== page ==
Term of Award

Spring 2015

Degree Name

Master of Science in Biology (M.S.)

Document Type and Release Option

Thesis (restricted to Georgia Southern)

Copyright Statement / License for Reuse

Creative Commons License
This work is licensed under a Creative Commons Attribution 4.0 License.


Department of Biology

Committee Chair

Risa A. Cohen

Committee Member 1

Stephen Vives

Committee Member 2

Scott Harrison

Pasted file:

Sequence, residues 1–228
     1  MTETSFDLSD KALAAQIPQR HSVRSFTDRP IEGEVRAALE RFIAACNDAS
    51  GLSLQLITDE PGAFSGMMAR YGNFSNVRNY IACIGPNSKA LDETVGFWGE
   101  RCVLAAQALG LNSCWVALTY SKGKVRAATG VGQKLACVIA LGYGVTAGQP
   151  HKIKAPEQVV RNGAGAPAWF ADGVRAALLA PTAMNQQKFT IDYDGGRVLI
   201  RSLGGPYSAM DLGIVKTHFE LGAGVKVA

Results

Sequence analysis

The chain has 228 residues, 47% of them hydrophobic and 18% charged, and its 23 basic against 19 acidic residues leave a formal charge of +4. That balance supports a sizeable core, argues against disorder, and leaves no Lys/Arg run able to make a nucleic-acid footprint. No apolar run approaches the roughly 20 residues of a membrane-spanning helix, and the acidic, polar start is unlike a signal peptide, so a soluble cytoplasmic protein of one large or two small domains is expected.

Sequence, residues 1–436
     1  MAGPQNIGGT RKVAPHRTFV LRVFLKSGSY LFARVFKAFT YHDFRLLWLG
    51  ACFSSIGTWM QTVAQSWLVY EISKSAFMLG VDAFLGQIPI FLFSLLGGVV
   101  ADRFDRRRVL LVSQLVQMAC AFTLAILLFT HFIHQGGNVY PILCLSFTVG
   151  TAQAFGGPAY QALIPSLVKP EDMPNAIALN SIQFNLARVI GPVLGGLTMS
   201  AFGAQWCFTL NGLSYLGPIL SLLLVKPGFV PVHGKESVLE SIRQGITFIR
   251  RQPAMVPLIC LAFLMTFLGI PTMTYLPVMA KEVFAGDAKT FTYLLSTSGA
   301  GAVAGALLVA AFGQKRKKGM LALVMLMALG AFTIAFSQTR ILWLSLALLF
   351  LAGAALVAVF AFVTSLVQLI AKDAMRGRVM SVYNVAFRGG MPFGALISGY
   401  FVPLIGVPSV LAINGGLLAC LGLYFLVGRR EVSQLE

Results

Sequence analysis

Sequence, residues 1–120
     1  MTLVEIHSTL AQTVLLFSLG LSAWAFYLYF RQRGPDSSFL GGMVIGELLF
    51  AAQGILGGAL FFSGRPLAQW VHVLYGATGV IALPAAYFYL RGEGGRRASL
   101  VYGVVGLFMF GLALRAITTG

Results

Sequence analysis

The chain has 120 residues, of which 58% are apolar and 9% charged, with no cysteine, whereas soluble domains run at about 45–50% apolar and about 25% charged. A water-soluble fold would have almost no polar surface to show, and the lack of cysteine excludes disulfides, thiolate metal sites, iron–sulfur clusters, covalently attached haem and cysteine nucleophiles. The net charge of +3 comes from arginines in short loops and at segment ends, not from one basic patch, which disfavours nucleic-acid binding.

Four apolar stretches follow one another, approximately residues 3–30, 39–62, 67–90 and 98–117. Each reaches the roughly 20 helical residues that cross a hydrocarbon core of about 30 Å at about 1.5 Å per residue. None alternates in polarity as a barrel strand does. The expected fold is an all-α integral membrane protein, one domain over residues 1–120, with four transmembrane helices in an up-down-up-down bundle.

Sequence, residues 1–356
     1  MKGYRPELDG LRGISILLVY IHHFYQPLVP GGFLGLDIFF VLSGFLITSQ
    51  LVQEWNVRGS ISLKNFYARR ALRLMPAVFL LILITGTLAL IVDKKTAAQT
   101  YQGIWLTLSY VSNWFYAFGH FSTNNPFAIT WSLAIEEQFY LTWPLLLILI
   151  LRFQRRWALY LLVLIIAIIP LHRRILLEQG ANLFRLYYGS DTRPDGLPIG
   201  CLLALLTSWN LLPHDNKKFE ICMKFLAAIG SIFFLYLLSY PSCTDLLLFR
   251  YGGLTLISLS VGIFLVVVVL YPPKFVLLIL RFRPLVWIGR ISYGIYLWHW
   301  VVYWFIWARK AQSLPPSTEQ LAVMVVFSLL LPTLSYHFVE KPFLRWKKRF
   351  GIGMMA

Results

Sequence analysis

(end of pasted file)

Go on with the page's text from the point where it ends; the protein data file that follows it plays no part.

Synthetic surfactants in detergents and cleaners commonly contaminate freshwater systems, therefore developing low-toxicity alternatives derived from natural products such as alkyl polyglucosides (APGs), is important. Although APGs degrade rapidly and reduce chemical exposure time, they can still have toxic effects on aquatic organisms, and microbial oxygen consumption increases during the process of biodegradation. Despite being 2-12 times less toxic than synthetic surfactants such as alcohol ethoxylate, it is still toxic to aquatic organisms, including primary producers (such as microalgae) and zooplankton. Zooplankton are also affected by APG, and species may demonstrate different sensitivities to APGs direct toxicity. Species not affected by direct toxicity may be affected by trophic interaction such as removal of a food source or changes in predator densities, potentially resulting in changes in zooplankton community structure. Determining the effects of APG toxicity on multiple trophic levels of the plankton community under environmental conditions requires an in situ mesocosm approach to provide ecologically relevant information for how a pollutant affects aquatic systems. I hypothesized that APG-containing products adversely affect plankton communities via direct toxicity to algae and zooplankton, as well as indirectly through reduced food availability to zooplankton and water quality. Floating mesocosms (440 L) were deployed in a blackwater pond in southeast Georgia, USA and dosed with 0, 0.01, 2.5, 5, or 10 mg L-1 APG. Zooplankton community composition, phytoplankton abundance (as chlorophyll-a), and dissolved oxygen (DO) were determined weekly for one month. Both plankton abundance and community composition were altered following exposure to APG concentrations of 2.5 mg L-1 or greater. Despite reductions in DO (4.4-16.7%), DO never dropped below 5.70 mg L-1, but the observed reductions >10% in treatments of 2.5 mg L-1 APG and greater could reach stressful levels in periods of higher temperatures. Chlorophyll-a also declined (24.6-81.1%) with increasing APG concentration resulting in decreased autochthonous carbon production. Changes in the zooplankton community likely resulted from differential sensitivity among zooplankton to APG. The decrease in zooplankton abundance was primarily due to loss of copepods and a subsequent shift toward domination by small-bodied cladocerans (Bosmina sp.). Thus APG-induced decreases in DO availability, losses of autochthonous carbon production, and shifts from invertebrate predator (copepod) dominated communities to cladocerans has important implications for food availability and quality to higher trophic levels such as planktivorous fishes.